Will retail investors lap up G-Secs?

Reserve Bank of India

Reserve Bank of India


Encouraging retail participation in the Government securities (G-Secs) market has been a focus area of the central government and RBI, of late

Encouraging retail participation in the Government securities (G-Secs) market has been a focus area of the central government and RBI, of late. Keeping it in view, a host of initiatives like the introduction of non-competitive bidding in primary auctions, permitting stock exchanges to act as aggregators/facilitators for retail investors and allowing odd-lot segment in the NDS-OM secondary market have already been taken in the past.

It was in this context that the Reserve Bank of India(RBI), in its bi-monthly review of annual monetary policy last week, decided to provide retail investors access to the online trading of the government primary securities market along with the facility to open their gilt securities account on its portal. The idea is to increase retail participation in the gilt market, which is normally flooded by institutional investors. Still, lots of confusions persist about its modalities. Normally, government securities have lot sizes over Rs 1 crore something that warrants further simplification to ensure retail participation. RBI is currently working out on the details of the facility to be issued separately. Further, this move is expected to help apex bank to raise requisite funds to meet the central government's borrowing target for the next fiscal.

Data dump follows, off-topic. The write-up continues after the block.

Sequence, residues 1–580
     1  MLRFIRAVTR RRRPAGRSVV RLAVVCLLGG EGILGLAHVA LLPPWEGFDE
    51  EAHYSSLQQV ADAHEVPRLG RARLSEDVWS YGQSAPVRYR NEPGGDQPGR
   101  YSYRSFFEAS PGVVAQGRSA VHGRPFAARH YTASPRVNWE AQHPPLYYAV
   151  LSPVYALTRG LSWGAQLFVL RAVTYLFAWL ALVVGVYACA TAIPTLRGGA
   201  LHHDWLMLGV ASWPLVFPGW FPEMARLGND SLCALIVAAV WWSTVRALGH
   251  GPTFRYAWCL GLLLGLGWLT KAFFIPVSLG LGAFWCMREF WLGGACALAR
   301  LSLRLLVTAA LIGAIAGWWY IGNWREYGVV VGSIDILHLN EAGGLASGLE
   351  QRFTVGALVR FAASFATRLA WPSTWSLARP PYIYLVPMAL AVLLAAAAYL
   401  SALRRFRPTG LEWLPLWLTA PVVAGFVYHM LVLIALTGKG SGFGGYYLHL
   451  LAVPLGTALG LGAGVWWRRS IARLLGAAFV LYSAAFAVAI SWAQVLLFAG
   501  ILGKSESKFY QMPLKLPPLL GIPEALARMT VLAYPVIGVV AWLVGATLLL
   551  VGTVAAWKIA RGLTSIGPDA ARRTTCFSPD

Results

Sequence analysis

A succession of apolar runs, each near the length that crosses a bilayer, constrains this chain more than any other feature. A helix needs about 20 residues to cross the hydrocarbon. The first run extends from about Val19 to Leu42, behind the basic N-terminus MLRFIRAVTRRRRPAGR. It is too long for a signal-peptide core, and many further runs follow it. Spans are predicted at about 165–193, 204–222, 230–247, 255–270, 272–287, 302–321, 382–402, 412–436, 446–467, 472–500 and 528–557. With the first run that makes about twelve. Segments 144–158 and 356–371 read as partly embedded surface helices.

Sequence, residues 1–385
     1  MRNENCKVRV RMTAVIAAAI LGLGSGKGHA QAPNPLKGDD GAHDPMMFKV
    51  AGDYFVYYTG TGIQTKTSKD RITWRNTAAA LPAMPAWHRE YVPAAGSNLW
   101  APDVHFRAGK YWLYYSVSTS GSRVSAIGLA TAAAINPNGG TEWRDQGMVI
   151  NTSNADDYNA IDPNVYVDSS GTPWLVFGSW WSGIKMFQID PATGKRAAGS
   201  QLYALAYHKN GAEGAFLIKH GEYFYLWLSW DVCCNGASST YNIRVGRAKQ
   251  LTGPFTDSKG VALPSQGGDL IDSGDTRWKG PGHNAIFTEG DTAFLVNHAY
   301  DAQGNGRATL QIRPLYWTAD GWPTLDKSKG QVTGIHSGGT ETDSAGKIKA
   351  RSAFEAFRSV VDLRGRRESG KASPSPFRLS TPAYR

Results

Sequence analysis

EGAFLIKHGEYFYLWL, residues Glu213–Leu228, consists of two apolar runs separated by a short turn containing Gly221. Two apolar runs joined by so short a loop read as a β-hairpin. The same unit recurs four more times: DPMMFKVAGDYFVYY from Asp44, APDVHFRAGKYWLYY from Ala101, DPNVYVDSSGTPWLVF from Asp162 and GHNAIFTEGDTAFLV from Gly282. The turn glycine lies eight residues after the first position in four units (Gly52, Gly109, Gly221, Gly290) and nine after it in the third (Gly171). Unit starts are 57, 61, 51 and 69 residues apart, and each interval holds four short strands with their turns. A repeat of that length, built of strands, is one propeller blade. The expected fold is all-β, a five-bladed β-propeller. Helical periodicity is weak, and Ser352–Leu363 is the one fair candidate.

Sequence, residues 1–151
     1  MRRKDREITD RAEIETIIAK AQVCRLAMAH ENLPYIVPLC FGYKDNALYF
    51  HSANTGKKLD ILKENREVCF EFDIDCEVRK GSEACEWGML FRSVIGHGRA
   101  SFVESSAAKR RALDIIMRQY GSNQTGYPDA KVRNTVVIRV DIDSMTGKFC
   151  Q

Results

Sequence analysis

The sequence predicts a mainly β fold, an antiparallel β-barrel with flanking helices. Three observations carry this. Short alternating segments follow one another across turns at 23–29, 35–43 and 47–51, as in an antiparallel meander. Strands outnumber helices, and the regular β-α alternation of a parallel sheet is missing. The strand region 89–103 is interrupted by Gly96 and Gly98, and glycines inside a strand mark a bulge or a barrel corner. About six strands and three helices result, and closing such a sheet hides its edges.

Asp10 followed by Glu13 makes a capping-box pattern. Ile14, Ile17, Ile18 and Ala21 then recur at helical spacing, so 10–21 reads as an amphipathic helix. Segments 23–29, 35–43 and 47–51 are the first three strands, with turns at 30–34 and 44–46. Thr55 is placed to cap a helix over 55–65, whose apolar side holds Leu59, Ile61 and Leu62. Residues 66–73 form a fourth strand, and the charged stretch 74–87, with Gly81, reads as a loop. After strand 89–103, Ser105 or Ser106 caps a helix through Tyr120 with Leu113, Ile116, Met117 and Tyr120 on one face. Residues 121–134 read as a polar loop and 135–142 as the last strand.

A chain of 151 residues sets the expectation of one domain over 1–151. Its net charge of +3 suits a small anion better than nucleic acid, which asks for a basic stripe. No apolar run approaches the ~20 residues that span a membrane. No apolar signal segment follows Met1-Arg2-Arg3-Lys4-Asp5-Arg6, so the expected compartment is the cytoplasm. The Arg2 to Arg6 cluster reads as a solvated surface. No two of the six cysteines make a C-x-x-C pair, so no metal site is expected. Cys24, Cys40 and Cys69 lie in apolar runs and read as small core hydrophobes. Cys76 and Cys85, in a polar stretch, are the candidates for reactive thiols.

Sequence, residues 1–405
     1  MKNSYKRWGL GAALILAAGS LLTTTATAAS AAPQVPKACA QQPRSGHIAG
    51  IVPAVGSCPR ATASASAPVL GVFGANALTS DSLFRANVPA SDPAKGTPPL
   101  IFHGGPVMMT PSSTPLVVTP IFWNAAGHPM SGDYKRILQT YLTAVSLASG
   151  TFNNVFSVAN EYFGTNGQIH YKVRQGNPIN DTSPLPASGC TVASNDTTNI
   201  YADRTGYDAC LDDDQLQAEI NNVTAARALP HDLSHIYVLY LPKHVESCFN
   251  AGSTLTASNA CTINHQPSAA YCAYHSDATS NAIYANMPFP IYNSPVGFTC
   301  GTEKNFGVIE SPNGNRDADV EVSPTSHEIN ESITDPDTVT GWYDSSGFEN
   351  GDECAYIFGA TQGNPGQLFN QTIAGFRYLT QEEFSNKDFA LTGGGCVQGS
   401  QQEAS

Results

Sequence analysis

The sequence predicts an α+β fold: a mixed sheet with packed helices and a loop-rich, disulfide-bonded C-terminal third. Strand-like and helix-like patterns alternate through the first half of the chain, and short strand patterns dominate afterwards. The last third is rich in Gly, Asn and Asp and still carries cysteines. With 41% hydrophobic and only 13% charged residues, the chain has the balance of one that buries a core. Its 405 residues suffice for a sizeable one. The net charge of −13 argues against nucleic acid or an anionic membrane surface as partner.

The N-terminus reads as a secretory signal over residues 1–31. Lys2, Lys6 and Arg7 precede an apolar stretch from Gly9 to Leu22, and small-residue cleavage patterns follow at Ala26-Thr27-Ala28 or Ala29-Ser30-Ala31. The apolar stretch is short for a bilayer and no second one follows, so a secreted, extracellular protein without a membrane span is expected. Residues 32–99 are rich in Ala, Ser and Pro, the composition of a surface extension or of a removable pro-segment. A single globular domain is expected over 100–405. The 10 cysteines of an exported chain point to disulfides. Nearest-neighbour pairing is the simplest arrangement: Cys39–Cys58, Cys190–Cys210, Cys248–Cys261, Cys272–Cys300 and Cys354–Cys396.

But debt mutual funds, ETFs, and fixed deposits continued to be a better option for retail investors. So, it is to be seen whether retail investors will lap up G-Secs. If it works out well, then it will potentially help increase the country's financial savings to 21.4 per cent of GDP for FY21 from merely 7.9 per cent in Q1FY20.

Apart from revealing its plans to allow retail investors into G-Secs, RBI also came out with a new step to incentivise new credit flow to MSME borrowers. Under this, commercial banks will be allowed to deduct credit disbursed to 'new MSME borrowers' from their NDTLs (net demand and time liabilities) for the calculation of CRR (cash reserve ratio). For the purpose of this exemption, 'New MSME borrowers' shall be defined as those MSME borrowers who have not availed of any credit facilities from the banking system as of January 1.

The exemption will be available only for exposures up to Rs 25 lakh per borrower (for credit extended up to the fortnight ending October 1, 2021. Besides, the exemption will be applied for a period of one year from the date of origination of the loan or the tenure of the loan, whichever is earlier. Still, it will provide a cushion to the lenders to increase their advance books, rather than parking their idle money with RBI. More credit disbursement will mean more economic activity which will ultimately help grow the country's economy.

Furthermore, RBI Governor Shaktikanta Das maintained that India's economy would move only in one direction now and 'that is upwards'.The apex bank projected a GDP growth rate of 10.5 per cent for the next financial year while revising retail inflation outlook to 5.2 per cent for the current quarter and to five per cent in the first half of next financial year i.e. FY22. Overall, the steps taken by RBI in the last week's policy are likely to spur economic growth.

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